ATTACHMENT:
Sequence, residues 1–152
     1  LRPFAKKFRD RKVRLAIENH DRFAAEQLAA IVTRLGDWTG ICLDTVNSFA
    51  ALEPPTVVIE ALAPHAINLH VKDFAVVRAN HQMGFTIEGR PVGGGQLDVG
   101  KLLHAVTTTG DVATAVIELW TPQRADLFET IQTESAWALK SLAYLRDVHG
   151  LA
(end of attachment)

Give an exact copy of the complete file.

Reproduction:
Sequence, residues 1–152
     1  LRPFAKKFRD RKVRLAIENH DRFAAEQLAA IVTRLGDWTG ICLDTVNSFA
    51  ALEPPTVVIE ALAPHAINLH VKDFAVVRAN HQMGFTIEGR PVGGGQLDVG
   101  KLLHAVTTTG DVATAVIELW TPQRADLFET IQTESAWALK SLAYLRDVHG
   151  LA